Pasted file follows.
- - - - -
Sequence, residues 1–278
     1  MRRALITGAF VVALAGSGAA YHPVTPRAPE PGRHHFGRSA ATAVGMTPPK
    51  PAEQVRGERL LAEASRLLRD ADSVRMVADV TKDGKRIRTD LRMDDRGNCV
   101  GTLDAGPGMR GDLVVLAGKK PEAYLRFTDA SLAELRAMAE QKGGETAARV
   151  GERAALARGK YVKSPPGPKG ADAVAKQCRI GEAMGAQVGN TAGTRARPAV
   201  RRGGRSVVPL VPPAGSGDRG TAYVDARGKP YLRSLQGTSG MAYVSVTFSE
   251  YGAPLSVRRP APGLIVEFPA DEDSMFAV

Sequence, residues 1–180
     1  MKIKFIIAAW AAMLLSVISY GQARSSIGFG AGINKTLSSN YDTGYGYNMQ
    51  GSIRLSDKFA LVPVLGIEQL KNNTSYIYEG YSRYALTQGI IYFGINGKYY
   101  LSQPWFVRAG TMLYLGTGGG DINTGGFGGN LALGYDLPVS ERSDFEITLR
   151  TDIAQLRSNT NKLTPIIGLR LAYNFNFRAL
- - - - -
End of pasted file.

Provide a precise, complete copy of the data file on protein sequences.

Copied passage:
Sequence, residues 1–278
     1  MRRALITGAF VVALAGSGAA YHPVTPRAPE PGRHHFGRSA ATAVGMTPPK
    51  PAEQVRGERL LAEASRLLRD ADSVRMVADV TKDGKRIRTD LRMDDRGNCV
   101  GTLDAGPGMR GDLVVLAGKK PEAYLRFTDA SLAELRAMAE QKGGETAARV
   151  GERAALARGK YVKSPPGPKG ADAVAKQCRI GEAMGAQVGN TAGTRARPAV
   201  RRGGRSVVPL VPPAGSGDRG TAYVDARGKP YLRSLQGTSG MAYVSVTFSE
   251  YGAPLSVRRP APGLIVEFPA DEDSMFAV

Sequence, residues 1–180
     1  MKIKFIIAAW AAMLLSVISY GQARSSIGFG AGINKTLSSN YDTGYGYNMQ
    51  GSIRLSDKFA LVPVLGIEQL KNNTSYIYEG YSRYALTQGI IYFGINGKYY
   101  LSQPWFVRAG TMLYLGTGGG DINTGGFGGN LALGYDLPVS ERSDFEITLR
   151  TDIAQLRSNT NKLTPIIGLR LAYNFNFRAL